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At the Health IT Summit in Dallas, a Probing Discussion of Incident Response Strategy

December 19, 2017
by Mark Hagland
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At the Health IT Summit in Dallas, data security experts discussed incident response complexities

The classic adage that “the devil is in the details” could have been coined just to be used in discussions of the complexities of cybersecurity in healthcare, so challenging those complexities are. Still, the subject makes for a great discussion panel topic, as was evidenced on Friday morning, when a panel of data security experts discussed “Best Practices for Improving Incident Response Strategies and Developing Security Protocols to Prevent Data Loss,” during day two of the Health IT Summit in Dallas. The day two program, under the rubric of Cybersecurity Forum, was devoted entirely to data security issues, as participants pondered major issues facing healthcare, at the Summit, sponsored by Healthcare Informatics, and held at the Dallas Hilton Anatole hotel.

Sriram Bharadwaj, chief information security office and director, information services, at UC Irvine Health in Irvine, California, led the discussion Friday morning. He was joined by a distinguished panel of discussants: Heather Roszkowski, Chief Information Security Officer, University of Vermont Health Network; Alex Veletsos, Vice President and Chief Information Officer, Together Health Network; Heath Renfrow, who until a few weeks ago was Cyber Security Program Manager, Army Medical Command HQ, Department of the Army, and who is now consulting full-time on cybersecurity; and Ray Hillen, Managing Director, Cybersecurity, Agio.

Bharadwaj, who had just presented on the topic of board engagement in cybersecurity strategy, opened the discussion on that topic, asking Roszkowski about her perspectives on board engagement.

“Heather, how do you see board engagement at the top level? Bharadwaj asked. “I’m the CISO for six hospitals, and what I’m doing right now is really building the team that supports all the cybersecurity across two states—Vermont and upstate New York—and to build a program for entities as large as the U of Vermont Medical Center, as well as the small community hospitals, including a 25-bed hospital. A wide range of entities,” Roszkowski said. “Board engagement is absolutely essential in what we’re doing.”

“Heath, you come from a completely different environment,” Bharadwaj said. In response, Renfrow revealed that he had just transitioned from Army Medicine to a consulting role, one that involves consulting on security to all industries. “Healthcare has been the most complex environment, as well as the most rewarding one, that I’ve ever been in,” he said.

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“I run cybersecurity services for Agio, and we work in a number of verticals—we’ve been in healthcare since 2010, doing things like risk assessments, doing advanced threat simulation, and the like,” Hillen said. “We work with small practices to large healthcare systems. There’s no one-size-fits-all, but there are elements every organization should have, regardless of size.”

Veletsos, of Together Health network, noted that “We’re a statewide clinically integrated network representing about 30 hospitals and 7,000 physicians, and about one-third of the healthcare resources in Michigan. We’re working on incorporating all the best practices of the three parent organizations, while also working in our new broad environment.”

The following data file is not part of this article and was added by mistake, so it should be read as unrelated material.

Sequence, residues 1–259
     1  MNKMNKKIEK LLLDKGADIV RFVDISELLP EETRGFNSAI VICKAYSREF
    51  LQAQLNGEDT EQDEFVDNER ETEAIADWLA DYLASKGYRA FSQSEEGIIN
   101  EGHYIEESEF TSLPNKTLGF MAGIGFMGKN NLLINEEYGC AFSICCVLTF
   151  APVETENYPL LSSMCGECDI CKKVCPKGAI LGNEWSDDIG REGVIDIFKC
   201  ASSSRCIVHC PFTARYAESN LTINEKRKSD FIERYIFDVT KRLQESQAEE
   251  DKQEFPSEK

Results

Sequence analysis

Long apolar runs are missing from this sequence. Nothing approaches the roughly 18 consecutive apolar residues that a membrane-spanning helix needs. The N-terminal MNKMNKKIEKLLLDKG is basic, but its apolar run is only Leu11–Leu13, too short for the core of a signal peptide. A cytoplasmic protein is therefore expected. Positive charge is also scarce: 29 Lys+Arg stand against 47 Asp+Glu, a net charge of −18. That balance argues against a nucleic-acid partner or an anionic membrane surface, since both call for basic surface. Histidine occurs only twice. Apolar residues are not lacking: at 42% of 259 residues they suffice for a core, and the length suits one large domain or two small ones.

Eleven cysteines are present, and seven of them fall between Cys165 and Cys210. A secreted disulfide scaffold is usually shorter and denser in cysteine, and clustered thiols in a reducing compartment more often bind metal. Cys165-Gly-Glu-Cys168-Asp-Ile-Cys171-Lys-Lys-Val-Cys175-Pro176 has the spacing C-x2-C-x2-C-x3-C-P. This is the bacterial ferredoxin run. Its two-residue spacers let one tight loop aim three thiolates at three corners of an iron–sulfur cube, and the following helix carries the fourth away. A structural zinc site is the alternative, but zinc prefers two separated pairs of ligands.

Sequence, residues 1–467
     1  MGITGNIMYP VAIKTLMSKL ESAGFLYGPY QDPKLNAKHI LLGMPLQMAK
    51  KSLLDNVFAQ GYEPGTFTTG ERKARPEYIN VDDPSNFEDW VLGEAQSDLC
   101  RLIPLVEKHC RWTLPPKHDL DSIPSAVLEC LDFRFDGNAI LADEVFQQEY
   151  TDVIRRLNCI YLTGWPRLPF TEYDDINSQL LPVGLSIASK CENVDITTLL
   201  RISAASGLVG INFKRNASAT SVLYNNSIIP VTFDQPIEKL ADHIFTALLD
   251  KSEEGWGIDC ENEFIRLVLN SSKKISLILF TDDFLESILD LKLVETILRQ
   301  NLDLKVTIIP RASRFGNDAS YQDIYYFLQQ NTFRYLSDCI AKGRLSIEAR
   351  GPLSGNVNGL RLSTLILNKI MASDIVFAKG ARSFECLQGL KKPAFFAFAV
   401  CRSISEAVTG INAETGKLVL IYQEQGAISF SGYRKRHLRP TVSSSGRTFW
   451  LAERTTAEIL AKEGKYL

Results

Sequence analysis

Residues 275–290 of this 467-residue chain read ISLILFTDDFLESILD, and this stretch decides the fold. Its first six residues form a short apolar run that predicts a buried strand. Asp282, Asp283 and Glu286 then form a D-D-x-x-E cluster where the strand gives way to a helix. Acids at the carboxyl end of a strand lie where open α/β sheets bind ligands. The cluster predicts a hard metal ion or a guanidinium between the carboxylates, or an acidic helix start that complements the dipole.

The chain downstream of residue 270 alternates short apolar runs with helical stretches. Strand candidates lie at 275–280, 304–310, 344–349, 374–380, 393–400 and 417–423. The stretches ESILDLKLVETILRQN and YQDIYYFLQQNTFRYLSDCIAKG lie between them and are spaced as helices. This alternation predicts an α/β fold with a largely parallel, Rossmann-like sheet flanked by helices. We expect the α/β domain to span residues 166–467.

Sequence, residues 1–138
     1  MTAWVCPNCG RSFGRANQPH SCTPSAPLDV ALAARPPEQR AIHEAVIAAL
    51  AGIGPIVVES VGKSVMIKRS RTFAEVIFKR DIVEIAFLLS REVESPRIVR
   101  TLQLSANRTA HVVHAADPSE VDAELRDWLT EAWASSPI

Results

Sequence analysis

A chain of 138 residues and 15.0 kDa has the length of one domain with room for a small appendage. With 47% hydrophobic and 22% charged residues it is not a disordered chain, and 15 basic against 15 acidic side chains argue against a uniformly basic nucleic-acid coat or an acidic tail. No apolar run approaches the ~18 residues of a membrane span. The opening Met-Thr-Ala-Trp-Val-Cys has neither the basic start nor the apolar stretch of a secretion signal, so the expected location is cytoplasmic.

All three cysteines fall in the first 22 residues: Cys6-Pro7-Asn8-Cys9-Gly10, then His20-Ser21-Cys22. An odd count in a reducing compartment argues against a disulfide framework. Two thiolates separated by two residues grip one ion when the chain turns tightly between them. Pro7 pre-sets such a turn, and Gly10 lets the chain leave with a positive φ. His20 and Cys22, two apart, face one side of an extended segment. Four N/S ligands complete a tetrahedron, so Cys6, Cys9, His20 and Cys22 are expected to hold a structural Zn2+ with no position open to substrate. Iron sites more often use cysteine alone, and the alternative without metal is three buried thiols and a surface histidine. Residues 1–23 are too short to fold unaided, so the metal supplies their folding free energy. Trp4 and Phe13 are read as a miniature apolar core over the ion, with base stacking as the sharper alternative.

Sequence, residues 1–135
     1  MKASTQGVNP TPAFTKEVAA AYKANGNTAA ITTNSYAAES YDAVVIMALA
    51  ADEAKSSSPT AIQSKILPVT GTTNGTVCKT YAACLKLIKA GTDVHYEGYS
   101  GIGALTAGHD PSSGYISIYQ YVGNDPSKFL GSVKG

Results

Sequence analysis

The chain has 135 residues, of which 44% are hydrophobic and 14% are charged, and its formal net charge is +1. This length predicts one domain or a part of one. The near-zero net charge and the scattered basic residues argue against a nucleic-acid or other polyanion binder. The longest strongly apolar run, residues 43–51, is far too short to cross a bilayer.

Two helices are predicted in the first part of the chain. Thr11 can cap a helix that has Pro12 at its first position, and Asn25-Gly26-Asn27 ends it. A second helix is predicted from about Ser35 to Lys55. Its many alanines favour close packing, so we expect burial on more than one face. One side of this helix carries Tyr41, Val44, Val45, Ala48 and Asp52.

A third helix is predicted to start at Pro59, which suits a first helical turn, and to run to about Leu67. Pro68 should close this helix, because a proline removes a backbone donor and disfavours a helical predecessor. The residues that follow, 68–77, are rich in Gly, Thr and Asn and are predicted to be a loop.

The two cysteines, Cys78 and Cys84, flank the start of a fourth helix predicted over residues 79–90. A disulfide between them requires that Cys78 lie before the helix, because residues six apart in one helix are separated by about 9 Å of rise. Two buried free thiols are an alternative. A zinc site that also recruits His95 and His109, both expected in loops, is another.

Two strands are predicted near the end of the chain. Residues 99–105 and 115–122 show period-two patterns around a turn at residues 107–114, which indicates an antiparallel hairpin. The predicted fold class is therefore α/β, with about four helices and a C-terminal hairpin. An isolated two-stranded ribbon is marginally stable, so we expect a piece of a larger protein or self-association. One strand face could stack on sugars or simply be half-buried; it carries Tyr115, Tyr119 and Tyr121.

The challenge of managing external communications

Meanwhile, Bharadwaj said, “One area that has been a topic of conversation for some time now has been that of how to manage the public relations and external communications aspects” of breaches, “when you have an incident; as well as the engagement of the board at the same time. What has been your experience of that?”

“Yes, as part of incident response strategy, we automatically involve marketing folks,” Roszkowski noted. “And we have done preparatory work to have some template language available. Even if you think you’re only communicating internally, it’s highly likely that things will be communicated externally,” she added. “So we’re very careful in how we communicate internally. We give them the information we can; at the same time, we’re communicating with organizational leaders, so that staff members can go to their organizational leader, and that leader has the information they need to make some decisions.”

“Has anybody here heard about Equifax?” Renfrow asked rhetorically. “Yes, that was a PR nightmare.” In the immediate wake of any data breach that affects patients and community members, Renfrow said, “I would make two calls. First, I would call the legal department. And then I would immediately reach out to public relations, once we know we have an incident. Be transparent,” he advised. “Don’t be like Uber; don’t try to cover it up.” Meanwhile, he noted, “When the Equifax incident broke, I logged into their website and saw the message saying that if you registered with the company, you would lose any legal rights to redress. That was a bad move. And so you have to be honest with your customers; admit that it will happen. Look, there are kids now at MIT that are figuring out how to listen into your room based on vibrations from plants. So don’t try to hide; prepare. And what are your public relations plans? NotPetya is a great example of that,” with regard to organizations that needed to concede publicly that they had experienced breaches.

“We were struggling with what happened to Nuance with Petya/NotPetya, and we at first didn’t realize we were affected, but we were, and it was a challenge,” Bharadwaj said. “So you need to be communicating closely with your vendor. And so that’s an important area.”